-Koran 21:30

UNDERSTANDING COAL and CARBON and WATER (as U.S. weighs coal regulations and alternatives)

May 28, 2014

IF COAL = CARBON, how do carbon emissions affect
RIVERS, WATERSHEDS and FRESHWATER SUPPLIES?
(Facts from THE UNION OF CONCERNED SCIENTISTS)

Air pollution: Burning coal creates smog, soot, acid rain, global warming and toxic air emissions. It is the single biggest air polluter in the U.S. and those airborne particulates fall onto land and into rivers.

Fuel supply: Mining, transporting and storing coal pollutes our land, water and air – and levels our mountains, the headwater sources of our rivers.

Water use: Coal plants consume billions of gallons of cooling water, heating and lowering river levels which then harms wildlife.

Wastes: Ash, sludge, toxic chemicals and wasted heat create environmental problems.

USA: Huntington, West Virginia, storing coal

USA: Huntington, West Virginia, storing coal

A typical coal-powered plant uses only 33-35% of the coal’s heat to produce electricity. The majority of coal’s heat is released into the air or absorbed by the cooling water which is returned to local rivers. Annual waste from a coal plant’s smokestack scrubbers includes an average of 125,000 tons of ash and 193,000 tons of sludge. Forty-two percent of U.S. coal combustion waste ponds and landfills are unlined, which makes them permeable.

When the waste toxins – arsenic, mercury, chromium and cadmium – contaminate drinking-water supplies, they can damage vital human organs and nervous systems. Ecosystems are also damaged by the disposal of coal-plant waste, sometimes severely or permanently.

USA: West Virginia, coal plant on Ohio River north of Wheeling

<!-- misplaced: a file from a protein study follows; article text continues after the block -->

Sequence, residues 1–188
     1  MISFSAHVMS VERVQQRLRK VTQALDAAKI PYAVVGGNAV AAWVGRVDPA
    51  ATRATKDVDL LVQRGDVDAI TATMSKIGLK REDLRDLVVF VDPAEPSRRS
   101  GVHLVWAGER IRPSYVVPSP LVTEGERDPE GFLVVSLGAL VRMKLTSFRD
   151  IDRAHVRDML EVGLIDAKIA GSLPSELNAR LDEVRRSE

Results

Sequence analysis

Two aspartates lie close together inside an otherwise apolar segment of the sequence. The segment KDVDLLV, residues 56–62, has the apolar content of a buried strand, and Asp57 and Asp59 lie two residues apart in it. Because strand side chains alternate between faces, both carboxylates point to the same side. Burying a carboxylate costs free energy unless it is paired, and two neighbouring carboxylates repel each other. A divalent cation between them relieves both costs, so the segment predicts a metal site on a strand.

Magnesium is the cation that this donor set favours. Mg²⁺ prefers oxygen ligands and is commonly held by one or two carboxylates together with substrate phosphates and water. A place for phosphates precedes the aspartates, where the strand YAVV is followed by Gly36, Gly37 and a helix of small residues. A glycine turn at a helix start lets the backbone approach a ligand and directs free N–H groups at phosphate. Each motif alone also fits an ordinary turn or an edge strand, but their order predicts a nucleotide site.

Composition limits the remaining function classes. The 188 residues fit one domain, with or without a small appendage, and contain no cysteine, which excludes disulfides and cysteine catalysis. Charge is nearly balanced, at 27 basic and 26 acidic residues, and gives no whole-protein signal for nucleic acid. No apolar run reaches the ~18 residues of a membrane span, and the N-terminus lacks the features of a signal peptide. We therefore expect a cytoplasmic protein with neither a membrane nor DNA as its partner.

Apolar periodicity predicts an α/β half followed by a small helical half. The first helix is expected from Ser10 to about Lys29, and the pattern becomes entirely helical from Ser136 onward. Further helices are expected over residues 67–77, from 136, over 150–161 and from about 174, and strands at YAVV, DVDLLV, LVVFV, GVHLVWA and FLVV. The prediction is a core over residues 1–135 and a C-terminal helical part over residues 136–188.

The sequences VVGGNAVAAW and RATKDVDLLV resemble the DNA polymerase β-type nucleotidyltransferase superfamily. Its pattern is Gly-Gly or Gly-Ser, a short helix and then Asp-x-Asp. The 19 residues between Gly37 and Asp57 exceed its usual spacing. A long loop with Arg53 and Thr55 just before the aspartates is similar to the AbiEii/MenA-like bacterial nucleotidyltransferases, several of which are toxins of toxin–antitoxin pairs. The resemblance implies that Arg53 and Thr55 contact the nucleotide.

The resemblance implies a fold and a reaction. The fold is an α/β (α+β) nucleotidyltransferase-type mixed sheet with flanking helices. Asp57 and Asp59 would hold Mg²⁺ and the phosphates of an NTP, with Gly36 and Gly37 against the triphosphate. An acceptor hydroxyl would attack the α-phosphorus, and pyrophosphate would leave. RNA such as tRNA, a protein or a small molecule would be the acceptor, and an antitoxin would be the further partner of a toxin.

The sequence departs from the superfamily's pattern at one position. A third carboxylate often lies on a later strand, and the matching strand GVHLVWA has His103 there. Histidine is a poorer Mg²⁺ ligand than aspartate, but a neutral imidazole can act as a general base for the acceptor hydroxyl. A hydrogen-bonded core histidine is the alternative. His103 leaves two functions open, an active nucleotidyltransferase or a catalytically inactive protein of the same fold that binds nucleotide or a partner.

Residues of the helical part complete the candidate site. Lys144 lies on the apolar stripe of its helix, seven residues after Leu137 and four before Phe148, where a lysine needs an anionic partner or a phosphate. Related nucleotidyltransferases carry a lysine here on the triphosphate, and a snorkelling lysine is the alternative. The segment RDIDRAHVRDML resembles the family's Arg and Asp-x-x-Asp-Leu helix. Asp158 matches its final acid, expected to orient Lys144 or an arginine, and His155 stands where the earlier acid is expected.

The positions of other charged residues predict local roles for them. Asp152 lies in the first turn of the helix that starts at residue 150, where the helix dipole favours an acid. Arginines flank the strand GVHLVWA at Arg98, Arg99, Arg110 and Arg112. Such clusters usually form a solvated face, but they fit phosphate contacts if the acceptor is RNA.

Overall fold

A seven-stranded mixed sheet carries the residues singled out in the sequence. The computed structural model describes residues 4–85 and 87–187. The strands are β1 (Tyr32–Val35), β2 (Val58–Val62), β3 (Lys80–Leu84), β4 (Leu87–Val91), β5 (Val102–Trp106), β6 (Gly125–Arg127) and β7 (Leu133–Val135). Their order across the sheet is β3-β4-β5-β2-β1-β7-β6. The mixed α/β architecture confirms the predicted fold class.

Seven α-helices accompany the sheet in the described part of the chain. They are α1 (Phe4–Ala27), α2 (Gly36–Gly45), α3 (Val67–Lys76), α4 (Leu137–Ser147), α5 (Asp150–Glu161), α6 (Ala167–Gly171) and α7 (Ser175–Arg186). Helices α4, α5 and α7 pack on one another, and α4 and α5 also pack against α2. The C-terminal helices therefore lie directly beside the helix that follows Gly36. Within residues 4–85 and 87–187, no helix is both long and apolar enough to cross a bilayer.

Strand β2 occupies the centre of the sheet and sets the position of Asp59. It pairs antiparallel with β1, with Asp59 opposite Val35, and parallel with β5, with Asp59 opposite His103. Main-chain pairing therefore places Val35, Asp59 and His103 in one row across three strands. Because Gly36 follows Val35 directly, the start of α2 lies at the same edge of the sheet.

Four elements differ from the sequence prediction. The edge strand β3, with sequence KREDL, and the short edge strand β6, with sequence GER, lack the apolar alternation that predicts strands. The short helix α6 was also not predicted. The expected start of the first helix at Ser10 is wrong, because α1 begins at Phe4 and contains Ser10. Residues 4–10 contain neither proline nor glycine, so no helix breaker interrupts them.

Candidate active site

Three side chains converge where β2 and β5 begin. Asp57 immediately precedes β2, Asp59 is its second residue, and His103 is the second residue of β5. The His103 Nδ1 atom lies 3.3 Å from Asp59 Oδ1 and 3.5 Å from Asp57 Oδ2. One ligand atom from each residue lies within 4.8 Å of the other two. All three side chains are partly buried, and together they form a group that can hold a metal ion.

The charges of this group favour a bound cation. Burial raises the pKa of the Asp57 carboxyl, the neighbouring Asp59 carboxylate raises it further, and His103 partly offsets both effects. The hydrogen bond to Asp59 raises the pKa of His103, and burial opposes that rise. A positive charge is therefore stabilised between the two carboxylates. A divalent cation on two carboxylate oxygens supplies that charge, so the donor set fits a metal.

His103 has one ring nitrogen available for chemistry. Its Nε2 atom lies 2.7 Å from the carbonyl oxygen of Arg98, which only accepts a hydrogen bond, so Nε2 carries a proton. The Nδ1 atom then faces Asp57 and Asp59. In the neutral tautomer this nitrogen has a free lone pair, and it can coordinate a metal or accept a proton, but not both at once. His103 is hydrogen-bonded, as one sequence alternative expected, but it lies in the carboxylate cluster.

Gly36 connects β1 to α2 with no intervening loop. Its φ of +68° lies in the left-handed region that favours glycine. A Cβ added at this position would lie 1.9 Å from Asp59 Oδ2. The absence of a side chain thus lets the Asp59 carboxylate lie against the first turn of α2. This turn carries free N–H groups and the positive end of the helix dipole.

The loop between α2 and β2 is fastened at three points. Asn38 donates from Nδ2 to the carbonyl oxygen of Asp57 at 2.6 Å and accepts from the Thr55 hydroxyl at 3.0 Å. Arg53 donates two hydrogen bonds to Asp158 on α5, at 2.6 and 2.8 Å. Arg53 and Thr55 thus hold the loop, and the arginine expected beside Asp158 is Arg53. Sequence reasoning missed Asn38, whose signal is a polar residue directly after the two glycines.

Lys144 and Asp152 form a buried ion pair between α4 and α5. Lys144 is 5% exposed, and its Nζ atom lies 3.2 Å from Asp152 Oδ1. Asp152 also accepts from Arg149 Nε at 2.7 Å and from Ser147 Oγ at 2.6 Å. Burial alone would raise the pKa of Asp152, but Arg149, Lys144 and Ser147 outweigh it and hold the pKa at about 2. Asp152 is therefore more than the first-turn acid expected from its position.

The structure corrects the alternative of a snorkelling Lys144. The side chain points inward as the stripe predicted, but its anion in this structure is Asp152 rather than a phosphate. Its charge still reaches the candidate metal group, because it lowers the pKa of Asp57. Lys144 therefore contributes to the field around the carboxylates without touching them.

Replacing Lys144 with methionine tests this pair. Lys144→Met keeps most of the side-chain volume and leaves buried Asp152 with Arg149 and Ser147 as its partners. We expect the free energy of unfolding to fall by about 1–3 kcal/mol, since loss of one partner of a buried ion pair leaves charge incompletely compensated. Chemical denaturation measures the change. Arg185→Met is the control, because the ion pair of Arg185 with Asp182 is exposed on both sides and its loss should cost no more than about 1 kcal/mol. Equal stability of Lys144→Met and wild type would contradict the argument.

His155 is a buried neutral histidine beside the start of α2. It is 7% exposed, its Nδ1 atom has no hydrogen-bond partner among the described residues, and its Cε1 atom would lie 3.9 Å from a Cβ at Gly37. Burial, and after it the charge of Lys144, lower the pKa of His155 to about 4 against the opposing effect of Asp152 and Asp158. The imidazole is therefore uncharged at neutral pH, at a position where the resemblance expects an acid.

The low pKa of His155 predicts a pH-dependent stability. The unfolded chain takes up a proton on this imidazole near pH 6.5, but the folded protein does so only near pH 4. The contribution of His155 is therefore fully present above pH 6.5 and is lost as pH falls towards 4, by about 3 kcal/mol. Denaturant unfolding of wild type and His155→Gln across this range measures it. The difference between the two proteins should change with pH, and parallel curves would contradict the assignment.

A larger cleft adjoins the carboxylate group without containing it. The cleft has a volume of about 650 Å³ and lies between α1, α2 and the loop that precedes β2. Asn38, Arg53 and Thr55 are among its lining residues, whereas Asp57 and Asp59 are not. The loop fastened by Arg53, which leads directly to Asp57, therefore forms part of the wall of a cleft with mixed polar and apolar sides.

USA: West Virginia, coal plant on Ohio River north of Wheeling

SINCE U.S. COAL POWER PLANTS ARE DECLINING,
WHY REGULATE OR REDUCE THEIR EMISSIONS NOW?

  Although coal power only accounted for 49% of the U.S. electricity production in 2006, it represented 83% of CO2 emissions caused by electricity generation that year. (Wikipedia)

  In 2012, CO2 emissions from electric power were only 39% of all U.S. energy-related CO2 emissions; but coal generated 74% of that 39%, thus coal continues to be a significant polluter.

Jan 2014 Primary Energy Production by Source
measured in quadrillion Btu
(most recent figures from U.S. Energy Information Agency, p. 5)

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USA: Idaho,  Columbia River Basin, Snake River Basin

USA: Idaho, Columbia River Basin, Snake River Basin

NWNL Expedition Spotlights California Drought! 

March 14, 2014

 Chasing California’s Thirst
  March 14-26, 2014 Expedition

No Water No Life will visit the Sacramento Delta from San Francisco Bay to Antioch, the Sacramento River from the Delta north to the Butte Sink region, and the San Joaquin River from the Delta south to Bakersfield to document causes, impacts and solutions of California’s drought with photography, video and stakeholder interviews.

PROBLEMS:
– Increased Population and Growing Irrigation Demands with Finite Water Supplies
– Neither Consumers nor Regulators have sufficiently addressed The Value of Water

JUSTIFICATIONS:
– It affects us all!  CA supplies 50% of US veggies, fruits and nuts.
– No Water – No Irrigation – No Farms – No Food – No Jobs = Economic hit for all of the US!
– CA’s Drought Solutions can help solve the global problem of  “More people – Less available clean water.”

PURPOSE:
NWNL will document causes, impacts and solutions to CA’s Drought.
How will CA move from Water Scarcity to Water Sustainability?

Is the California Drought here to stay?

March 12, 2014

The short answer is an emphatic, “YES!” It is real. Even if El Niño arrives next year, as some climatologists have hinted, California currently uses too much water to allow replenishment of its reservoirs and ground water – now at historic low levels. It is predicted that precipitation levels will fluctuate wildly, as they have historically, while water demand increases. The California Data Exchange Center reports that California reservoirs are at 62.39% of average. Some are as low as 7 and 9%. The Sierra snowpack in the northern part of the state has reached 21% of average, up from 12% before the early March storms. Nowhere in the state is the snowpack above 34% and very little rain is forecast for the rest of this year’s rainy season. San Francisco residents depend on snow melt for their water. Some towns in California are predicted to have no water within 60 days. Irresponsible water use should not drain our precious resource.